Director of Publications
From Boss Babe to Bankrupt: Why MLMs are not the way forward.
Most women share the distinctly unique experience of opening your facebook inbox and being faced with the elusive “Hey Girl!”
paragraph. Maybe it’s from a childhood friend that you probably haven’t spoken to since before puberty, or perhaps it’s an
acquaintance-of-an-acquaintance who found your instagram handle in their recommendation list.
It doesn’t matter who the message comes from, the script all follows the same essence - laced with emojis and kitschy phrases
like “side-hustle”, and “Boss Babe”, they invite you to join their ‘elusive business opportunity’.
They’ll most likely feed you tall promises of doubled income and luxury car-sized rewards, they may even pull you in with the idea of
working your current job and this exciting new one, all at once!
Sorry to burst the bubble - if it sounds too good to be true, it probably is.
A Quick History of MLMs
Multi-Level Marketing schemes, commonly referred to as MLMs, have existed since the 1880’s, and have flown under numerous aliases,
such as pyramid selling, network marketing, and referral marketing. Since then, these businesses have drifted in and out of the public eye,
touting skincare, haircare, nutritional supplements, and more, all supplied by ‘independent consultants’ of larger businesses,
such as Arbonne, Younique, and (the OG MLM) Avon.
Although MLM schemes appear to be an alternative way of selling and distributing products, the majority of their income actually comes from
something called a ‘downline’. In an MLM-shaped business, employees (a generous word to describe what are essentially unpaid
volunteers) are commonly recruited by another member, who usually offers ‘business advice’ and support for the newer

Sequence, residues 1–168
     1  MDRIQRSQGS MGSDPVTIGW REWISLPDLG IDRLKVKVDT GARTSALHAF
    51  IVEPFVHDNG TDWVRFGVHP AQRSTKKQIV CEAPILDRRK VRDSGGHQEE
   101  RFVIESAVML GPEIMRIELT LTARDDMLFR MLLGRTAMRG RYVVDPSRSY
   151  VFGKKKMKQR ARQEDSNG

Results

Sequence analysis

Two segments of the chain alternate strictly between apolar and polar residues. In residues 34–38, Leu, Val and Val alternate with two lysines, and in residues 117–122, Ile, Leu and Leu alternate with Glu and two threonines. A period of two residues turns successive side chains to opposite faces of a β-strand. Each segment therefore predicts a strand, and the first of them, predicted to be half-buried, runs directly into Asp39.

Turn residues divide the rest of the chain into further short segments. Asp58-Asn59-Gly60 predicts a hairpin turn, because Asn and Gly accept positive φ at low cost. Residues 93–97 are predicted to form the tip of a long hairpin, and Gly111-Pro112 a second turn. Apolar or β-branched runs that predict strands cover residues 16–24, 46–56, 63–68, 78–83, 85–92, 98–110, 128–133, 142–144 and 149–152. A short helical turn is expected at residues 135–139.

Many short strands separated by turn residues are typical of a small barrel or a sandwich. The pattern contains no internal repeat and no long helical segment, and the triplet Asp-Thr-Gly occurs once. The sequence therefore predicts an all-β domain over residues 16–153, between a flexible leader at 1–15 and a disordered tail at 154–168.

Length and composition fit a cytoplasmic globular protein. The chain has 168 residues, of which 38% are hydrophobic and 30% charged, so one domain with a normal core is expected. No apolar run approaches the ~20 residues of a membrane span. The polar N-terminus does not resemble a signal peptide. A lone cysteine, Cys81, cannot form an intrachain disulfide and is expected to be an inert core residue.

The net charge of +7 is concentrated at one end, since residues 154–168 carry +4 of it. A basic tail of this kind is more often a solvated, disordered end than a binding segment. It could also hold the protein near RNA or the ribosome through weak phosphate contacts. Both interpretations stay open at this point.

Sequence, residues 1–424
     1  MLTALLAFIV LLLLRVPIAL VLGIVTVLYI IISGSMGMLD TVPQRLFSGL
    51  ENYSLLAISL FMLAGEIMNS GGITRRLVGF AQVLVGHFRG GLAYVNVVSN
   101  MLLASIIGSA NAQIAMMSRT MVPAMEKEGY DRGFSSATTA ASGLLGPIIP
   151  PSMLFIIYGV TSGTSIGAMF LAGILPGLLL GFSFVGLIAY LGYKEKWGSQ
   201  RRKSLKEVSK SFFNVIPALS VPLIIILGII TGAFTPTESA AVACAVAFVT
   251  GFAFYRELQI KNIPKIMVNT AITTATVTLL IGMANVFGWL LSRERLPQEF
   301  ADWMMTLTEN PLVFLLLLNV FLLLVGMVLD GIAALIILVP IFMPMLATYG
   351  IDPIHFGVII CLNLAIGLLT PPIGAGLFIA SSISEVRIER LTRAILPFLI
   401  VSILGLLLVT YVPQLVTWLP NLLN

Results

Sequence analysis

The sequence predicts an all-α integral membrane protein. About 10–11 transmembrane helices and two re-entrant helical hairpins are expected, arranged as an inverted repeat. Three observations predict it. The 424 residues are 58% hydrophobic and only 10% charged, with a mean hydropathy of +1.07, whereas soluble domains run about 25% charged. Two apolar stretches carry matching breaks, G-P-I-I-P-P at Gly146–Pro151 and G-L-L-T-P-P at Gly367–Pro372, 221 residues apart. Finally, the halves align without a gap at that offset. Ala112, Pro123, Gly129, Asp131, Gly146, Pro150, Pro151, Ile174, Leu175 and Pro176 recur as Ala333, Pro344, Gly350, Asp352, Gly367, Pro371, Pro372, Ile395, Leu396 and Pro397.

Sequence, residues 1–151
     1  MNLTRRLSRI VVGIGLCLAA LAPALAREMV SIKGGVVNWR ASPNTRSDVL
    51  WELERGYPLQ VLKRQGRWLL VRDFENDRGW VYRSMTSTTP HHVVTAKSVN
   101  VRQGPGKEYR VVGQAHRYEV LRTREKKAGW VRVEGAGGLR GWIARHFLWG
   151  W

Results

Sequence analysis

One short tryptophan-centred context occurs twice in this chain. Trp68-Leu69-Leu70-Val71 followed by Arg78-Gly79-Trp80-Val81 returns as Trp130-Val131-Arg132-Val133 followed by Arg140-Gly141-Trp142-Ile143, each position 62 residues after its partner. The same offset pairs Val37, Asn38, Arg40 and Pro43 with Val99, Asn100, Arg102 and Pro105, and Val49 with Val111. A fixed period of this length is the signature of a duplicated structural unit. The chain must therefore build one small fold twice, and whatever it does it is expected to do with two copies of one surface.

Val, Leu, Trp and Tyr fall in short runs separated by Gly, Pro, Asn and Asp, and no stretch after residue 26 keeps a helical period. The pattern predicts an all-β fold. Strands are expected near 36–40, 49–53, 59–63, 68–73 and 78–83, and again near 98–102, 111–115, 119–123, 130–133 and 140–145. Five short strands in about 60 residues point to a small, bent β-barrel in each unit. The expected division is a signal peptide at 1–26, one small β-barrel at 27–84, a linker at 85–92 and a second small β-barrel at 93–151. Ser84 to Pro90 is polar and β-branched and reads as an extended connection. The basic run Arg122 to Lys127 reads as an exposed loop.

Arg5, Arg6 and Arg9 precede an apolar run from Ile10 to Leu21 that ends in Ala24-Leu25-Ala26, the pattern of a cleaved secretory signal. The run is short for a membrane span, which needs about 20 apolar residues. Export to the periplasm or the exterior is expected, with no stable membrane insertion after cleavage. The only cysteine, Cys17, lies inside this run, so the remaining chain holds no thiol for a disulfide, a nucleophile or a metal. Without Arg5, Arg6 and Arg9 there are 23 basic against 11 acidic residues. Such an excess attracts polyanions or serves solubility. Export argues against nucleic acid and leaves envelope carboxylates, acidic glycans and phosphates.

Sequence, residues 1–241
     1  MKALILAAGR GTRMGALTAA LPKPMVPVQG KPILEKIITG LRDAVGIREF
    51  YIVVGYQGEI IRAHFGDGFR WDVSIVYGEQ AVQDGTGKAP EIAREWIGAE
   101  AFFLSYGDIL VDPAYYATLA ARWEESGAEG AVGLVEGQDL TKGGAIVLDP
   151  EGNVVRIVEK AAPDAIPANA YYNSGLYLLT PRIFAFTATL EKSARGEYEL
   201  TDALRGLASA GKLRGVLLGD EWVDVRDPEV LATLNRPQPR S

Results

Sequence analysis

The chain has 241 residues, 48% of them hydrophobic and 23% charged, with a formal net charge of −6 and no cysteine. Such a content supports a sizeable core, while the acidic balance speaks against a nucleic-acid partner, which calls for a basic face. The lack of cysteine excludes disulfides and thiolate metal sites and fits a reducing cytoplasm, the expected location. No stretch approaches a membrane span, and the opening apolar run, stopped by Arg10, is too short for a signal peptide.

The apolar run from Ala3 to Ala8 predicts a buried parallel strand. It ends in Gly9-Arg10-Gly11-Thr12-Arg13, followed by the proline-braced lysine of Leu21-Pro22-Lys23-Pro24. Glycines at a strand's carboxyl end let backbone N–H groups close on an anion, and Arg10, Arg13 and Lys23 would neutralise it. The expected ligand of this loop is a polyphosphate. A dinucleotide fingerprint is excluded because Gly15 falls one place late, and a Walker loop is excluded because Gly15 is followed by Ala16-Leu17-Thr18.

consultants. Through this, the new employee becomes a part of the senior consultant’s ‘downline’, who then receives a
percentage of every sale the recruit makes, even though they themselves didn’t sell the product. This structure continues with the
downline recruiting more consultants, and so on. Essentially, the only way to actually make money through an MLM scheme is to be one of the
first people recruited in the business.
It’s important to be aware of the distinct lack of transparency every MLM is culpable of; there’s always a catch behind the
luxury holidays and free cars that are used as recruiting points for many MLM distributors.
Why you probably won’t be the next Bezos with Arbonne...
MLM’s are shady businesses. It’s a harsh statement, but it’s very true. With traditional business (i.e. those run by a
central management, with regular, agreed salary rates and structured practices), there is nearly always a sense of stability, as well as the
ability to rely on third-party regulatory committees to ensure the business’ employees are being treated fairly. This is not the case
You may have previously heard the term ‘Pyramid Scheme’. A pyramid scheme is essentially defined as a business that makes its
sole income from the recruitment of others into the company - pyramid schemes are also illegal in most first-world countries, such as the US
and Australia. Although Multi-Level Marketing businesses deny the correlation between the two, a vast majority of MLM businesses in the past
have been uncovered, and subsequently charged, as pyramid schemes; leaving hundreds of ‘independent consultants’ without income,